Monday, September 1, 2008

Gustav making landfall in Terrebonne Parish

Right now, Gustav is making landfall just west of Grand Isle, LA officially as a category 3 hurricane, though probably in reality as a strong category 2. Gustav has had some moments of intensification throughout the last 24 hours (like finally regaining a complete eyewall an hour before landfall), but never regained category 4 status, and thankfully spared southeast Louisiana a worst-case scenario. It's still much too early, but I think Gustav will be remembered as the first true test of post-Katrina Louisiana, a test we will hopefully pass.

But it's not over yet.

About an hour ago, an elevated observing station in Southwest Pass - at the tip of Plaquemines parish on the MS River - recorded peak sustained winds of near 100mph with gusts to 117mph. The primary threat to the region remains the storm surge, and winds are also still on the increase in metro New Orleans for the next few hours. Water continues to push into Lake Pontchartrain. The newly reconstructed floodwall in the West Bank will be vulnerable. Floodgates have been closed on the Harvey canal in the West Bank in an attempt to keep the storm surge out. Overnight, Plaquemines parish officials constructed an emergency levee over LA-23 highway in an attempt to control the surge there. And the eyewall is yet to reach Houma, where it is forecasted to make a direct hit with 100mph winds.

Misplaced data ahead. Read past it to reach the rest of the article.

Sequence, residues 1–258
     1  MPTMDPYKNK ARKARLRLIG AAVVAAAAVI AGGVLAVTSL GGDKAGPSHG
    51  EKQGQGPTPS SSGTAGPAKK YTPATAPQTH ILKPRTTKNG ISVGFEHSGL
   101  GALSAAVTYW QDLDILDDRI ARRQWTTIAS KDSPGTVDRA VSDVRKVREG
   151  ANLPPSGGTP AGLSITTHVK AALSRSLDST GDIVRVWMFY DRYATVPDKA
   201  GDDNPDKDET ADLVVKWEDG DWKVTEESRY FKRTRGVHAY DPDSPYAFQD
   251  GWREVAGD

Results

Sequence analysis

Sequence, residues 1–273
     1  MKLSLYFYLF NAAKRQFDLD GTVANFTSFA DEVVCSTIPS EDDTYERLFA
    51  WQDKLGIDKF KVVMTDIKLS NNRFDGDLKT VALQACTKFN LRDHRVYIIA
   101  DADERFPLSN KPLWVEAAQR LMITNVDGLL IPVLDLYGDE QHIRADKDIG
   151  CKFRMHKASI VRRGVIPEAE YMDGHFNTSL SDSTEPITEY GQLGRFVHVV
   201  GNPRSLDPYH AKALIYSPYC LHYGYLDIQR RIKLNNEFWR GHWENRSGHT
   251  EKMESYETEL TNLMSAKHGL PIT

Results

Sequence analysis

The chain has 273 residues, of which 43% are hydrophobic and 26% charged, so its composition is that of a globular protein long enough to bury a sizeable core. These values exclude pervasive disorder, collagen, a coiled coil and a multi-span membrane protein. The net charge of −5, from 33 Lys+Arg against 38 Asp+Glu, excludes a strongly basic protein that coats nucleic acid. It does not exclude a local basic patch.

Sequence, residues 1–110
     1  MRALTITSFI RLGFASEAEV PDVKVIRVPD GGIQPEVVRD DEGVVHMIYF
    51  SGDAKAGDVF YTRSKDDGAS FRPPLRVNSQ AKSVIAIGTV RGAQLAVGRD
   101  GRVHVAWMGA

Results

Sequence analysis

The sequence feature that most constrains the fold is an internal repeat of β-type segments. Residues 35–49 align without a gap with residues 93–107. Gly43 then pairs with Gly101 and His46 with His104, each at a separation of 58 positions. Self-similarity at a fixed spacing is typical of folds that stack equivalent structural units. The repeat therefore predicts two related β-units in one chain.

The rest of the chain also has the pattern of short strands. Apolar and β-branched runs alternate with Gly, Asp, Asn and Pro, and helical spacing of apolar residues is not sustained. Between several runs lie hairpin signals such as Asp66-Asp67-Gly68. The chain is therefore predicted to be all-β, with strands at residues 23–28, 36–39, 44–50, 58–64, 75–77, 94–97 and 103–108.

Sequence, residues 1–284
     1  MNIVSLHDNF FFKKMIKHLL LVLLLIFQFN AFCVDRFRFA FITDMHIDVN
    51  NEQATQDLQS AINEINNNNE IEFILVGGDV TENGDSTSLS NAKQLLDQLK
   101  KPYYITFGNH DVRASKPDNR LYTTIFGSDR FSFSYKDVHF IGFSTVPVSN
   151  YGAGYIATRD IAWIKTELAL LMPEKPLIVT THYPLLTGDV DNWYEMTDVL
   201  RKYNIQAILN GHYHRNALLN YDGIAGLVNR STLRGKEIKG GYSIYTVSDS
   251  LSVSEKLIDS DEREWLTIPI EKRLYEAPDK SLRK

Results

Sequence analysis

By all accounts, the preparations stage of Gustav was a success. Nearly 2 million people were evacuated in one of the largest, most orderly mass movements of people in American history. Coordination at all levels of government was good. Now we have to wait and see if it was enough.

You can watch WWL-TV live online for complete coverage of the landfall. Also,'s BridgeCam is giving live shots outside. And the NYTimes is posting eyewitness reports.

Gustav at landfall

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